ffmpeg can produce pseudo-corrupt audio when ‘copy’ing to an MP4 container

I’ve been using ffmpeg to trim clips from a trail camera, as most of the time there’s only a few seconds of anything interesting in frame out of the 30+ seconds of video it records each time, but I don’t want to re-encode them and lose video quality as a result (or balloon file sizes tremendously with a lossless video coding).  Keeping the whole 30 seconds is not just unnecessary and makes viewing the videos much more tedious, but wasteful of storage space as the encoding quality from the trail camera is very inefficient (file sizes are many times larger than they should be for the quality – clearly the H.264 encoder used in the trail camera is very cheap and very bad at its job).

I was originally doing something like:

ffmpeg -ss 00:07 -t 00:03 -i "IMG_0164.MP4" -async 1 -c copy "IMG_0164_TRIMMED.MP4"

The resulting trimmed MP4s play just fine in Quicktime, the Finder – anywhere that uses Apple’s decoding libraries (though I didn’t test iOS).

However, in VLC, or Lightroom, the audio is completely corrupt – just incoherent noise.  In Lightroom the video doesn’t even play correctly, because of Lightroom’s stupid habit of re-encoding the video & audio into internal caches – apparently their video decoder is somehow thrown off by the audio channel issues, too.

After much trial and error and many dead-ends (thank you completely bogus & wrong Stack Overflow threads… sigh) I eventually realised that the problem is apparently simply that Lightroom, VLC, etc get offended when you include pcm_s16le audio in an MP4.  ffmpeg itself says that’s not a valid audio codec for the MP4 container, iff you explicitly tell it to use that as the codec.  If you’re just copying from an existing audio / video file, however, it makes no mention at all of the concern.  Sigh.

So the apparent solution is simply to switch to the MOV container format instead.

ffmpeg -ss 00:07 -t 00:03 -i "IMG_0164.MP4" -async 1 -c copy "IMG_0164_TRIMMED.MOV"

The encoded bits remain identical, but the MOV container apparently accepts PCM audio where MP4 does not.  VLC, Lightroom, etc are now happy (and Quicktime et al remain happy).

(another possibility is that the ‘incompatibility’ is related to MP4 levels or some other such junk… I didn’t try deciphering or exploring that)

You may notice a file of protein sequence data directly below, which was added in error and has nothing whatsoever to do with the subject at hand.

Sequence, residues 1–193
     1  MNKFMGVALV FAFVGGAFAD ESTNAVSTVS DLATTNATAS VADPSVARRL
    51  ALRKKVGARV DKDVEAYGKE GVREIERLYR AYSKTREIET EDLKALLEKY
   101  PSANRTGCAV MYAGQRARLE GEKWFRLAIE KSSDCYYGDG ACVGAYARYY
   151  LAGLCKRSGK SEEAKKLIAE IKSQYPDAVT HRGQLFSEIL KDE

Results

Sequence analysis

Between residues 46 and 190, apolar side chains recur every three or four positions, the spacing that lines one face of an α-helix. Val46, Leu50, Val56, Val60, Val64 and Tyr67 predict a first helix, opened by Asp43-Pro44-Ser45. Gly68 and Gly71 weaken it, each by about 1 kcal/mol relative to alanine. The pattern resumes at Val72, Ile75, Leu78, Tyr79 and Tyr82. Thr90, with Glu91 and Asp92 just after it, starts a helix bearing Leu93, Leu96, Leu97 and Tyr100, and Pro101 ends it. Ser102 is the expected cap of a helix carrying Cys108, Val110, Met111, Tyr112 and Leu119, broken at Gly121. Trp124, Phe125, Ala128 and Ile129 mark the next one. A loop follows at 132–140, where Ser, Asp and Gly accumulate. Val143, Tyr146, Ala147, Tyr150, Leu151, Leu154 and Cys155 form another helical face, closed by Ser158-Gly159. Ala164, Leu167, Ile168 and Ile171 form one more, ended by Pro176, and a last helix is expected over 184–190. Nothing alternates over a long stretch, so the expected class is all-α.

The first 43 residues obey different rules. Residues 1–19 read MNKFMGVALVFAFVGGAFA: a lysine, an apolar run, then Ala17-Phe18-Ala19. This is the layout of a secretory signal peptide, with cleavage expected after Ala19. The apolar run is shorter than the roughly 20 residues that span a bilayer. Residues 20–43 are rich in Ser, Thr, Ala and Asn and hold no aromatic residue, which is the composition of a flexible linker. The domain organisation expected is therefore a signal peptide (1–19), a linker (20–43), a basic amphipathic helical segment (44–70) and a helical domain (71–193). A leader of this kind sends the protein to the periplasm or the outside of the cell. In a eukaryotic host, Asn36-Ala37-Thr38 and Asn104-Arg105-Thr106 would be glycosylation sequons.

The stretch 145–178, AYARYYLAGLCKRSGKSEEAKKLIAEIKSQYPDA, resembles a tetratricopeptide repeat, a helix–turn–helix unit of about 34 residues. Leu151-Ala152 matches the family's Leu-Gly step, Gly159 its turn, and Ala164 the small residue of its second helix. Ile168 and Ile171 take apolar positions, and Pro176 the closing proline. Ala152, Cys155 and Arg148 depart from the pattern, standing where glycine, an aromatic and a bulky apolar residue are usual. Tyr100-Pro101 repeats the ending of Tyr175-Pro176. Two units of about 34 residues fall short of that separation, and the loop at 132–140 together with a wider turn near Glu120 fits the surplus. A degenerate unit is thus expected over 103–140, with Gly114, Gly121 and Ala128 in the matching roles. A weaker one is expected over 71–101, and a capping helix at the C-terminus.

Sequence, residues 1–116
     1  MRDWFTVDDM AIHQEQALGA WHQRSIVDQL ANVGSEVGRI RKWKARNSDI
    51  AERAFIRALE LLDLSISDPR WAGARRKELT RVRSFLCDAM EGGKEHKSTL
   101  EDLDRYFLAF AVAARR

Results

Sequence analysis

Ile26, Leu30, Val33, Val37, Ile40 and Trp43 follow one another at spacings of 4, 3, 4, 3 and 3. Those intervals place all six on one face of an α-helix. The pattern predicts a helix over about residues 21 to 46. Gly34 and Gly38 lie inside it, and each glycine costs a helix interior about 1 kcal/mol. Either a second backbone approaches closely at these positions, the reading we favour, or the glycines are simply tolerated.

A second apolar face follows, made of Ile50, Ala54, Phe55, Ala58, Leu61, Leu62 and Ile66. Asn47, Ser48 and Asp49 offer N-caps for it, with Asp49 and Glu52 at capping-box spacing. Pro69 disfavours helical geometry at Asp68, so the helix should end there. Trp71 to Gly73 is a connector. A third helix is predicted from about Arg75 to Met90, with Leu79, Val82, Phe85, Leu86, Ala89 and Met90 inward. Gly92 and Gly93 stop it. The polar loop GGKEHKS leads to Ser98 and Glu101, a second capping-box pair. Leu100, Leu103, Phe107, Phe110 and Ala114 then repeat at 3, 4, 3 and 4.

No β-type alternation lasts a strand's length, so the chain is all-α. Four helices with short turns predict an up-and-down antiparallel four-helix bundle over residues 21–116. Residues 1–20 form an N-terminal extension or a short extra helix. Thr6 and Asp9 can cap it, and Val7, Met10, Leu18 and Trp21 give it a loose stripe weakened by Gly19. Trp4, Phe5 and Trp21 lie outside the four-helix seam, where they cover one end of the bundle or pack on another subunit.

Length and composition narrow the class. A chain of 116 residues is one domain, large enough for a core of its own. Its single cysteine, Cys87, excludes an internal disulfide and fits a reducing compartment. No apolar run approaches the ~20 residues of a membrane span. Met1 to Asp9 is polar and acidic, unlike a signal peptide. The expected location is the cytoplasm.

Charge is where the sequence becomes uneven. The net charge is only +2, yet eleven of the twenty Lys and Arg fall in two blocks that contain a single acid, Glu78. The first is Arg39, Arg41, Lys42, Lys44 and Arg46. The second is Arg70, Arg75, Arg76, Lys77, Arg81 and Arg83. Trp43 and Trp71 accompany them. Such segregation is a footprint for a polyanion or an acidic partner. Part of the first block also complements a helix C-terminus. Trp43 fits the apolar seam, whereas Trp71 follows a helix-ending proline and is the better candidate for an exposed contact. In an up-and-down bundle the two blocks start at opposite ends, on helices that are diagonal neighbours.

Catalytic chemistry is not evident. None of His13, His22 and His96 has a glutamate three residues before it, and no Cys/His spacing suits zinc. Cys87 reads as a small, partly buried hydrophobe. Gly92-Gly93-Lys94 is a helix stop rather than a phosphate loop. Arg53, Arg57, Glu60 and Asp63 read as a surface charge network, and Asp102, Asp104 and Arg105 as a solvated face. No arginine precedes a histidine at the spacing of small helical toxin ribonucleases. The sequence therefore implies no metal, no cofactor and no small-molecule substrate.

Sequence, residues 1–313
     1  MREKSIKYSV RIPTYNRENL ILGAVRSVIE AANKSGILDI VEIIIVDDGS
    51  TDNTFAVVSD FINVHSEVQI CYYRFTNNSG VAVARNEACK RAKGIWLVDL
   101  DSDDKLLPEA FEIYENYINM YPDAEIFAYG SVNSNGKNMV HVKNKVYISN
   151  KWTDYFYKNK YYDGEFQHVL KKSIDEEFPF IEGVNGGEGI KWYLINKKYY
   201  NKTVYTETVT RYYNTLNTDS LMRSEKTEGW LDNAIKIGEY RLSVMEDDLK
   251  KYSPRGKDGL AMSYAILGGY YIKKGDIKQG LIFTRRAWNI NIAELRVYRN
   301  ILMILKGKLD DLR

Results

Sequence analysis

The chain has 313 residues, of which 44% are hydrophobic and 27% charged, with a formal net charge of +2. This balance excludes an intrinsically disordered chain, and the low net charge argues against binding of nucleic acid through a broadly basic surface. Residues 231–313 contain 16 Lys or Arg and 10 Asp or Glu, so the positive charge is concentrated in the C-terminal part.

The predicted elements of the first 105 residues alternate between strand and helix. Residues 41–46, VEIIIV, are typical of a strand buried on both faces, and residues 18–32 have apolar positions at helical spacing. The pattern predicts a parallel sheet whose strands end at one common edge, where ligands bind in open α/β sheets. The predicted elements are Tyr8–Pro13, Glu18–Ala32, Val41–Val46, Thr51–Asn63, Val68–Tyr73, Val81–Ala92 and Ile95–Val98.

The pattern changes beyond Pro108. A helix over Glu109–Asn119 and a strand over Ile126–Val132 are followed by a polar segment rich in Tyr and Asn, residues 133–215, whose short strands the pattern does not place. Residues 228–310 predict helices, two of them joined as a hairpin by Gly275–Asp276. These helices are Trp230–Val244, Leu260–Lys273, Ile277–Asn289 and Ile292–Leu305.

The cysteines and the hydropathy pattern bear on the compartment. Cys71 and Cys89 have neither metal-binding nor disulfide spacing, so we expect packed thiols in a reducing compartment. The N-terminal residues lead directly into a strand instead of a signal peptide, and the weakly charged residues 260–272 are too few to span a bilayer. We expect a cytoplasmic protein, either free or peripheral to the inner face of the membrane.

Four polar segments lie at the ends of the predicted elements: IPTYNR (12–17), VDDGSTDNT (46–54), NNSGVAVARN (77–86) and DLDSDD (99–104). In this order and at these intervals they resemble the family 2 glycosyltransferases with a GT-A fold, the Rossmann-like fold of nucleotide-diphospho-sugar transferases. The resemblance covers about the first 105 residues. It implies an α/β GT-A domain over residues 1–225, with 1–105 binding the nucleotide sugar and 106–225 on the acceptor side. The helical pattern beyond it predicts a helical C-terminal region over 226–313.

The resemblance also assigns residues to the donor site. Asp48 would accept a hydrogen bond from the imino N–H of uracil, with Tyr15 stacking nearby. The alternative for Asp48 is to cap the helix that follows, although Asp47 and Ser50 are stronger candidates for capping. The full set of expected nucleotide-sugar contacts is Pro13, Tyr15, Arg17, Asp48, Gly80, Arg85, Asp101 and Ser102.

It’s frustrating that VLC & Lightroom can’t handle this when clearly it’s technically possible (witness Quicktime), and worse they don’t even properly recognise that they’re not handling it properly – they just play completely corrupt audio that’s literally painful on the ears.

It’s also very curious that the trail camera uses PCM audio if that’s not valid in an MP4 container.  It’s downright bizarre that VLC & Lightroom can play the unmodified MP4s straight from the trail camera, even though they use the same purportedly invalid audio codec… somehow something ffmpeg is doing during its transmutation is making them angry.  I was unable to determine what that might be, though, through trial-and-error with ffmpeg command line options & rudimentary examination of the input & output files.

P.S.  An alternative is to bitwise-copy only the video stream (i.e. change -c copy to -c:v copy), and let VLC transcode the audio into its default AAC for the MP4 container.  That probably wouldn’t be a problem for me in my case – the audio from trail cameras is pretty crappy to begin with – but at the same time the audio tracks in these files are insignificant in size, so re-encoding them (and lossy as AAC) is pointless to saving disk space.

Apple Mail crashes on launch if connection logging is enabled

This was a fun one.  Mail started crashing on launch for absolutely no apparent reason – nothing had changed to its config or similar in a long time.  The crash logs were all fingering an identical culprit – -[IMAPTaskManager secondaryIdleMailboxName] called on the wrong GCD queue:

Process: Mail [19884]
Path: /Applications/Mail.app/Contents/MacOS/Mail
Identifier: com.apple.mail
Version: 11.3 (3445.6.18)
Build Info: Mail-3445006018000000~4
Code Type: X86-64 (Native)
Parent Process: ??? [1]
Responsible: Mail [19884]
User ID: …

Date/Time: 2018-04-19 16:44:45.717 -0700
OS Version: Mac OS X 10.13.4 (17E199)
Report Version: 12
Anonymous UUID: …

Sleep/Wake UUID: …

Time Awake Since Boot: 94000 seconds
Time Since Wake: 530 seconds

System Integrity Protection: enabled

Crashed Thread: 13 Dispatch queue: Task Manager Serialization Queue (QOS: UNSPECIFIED)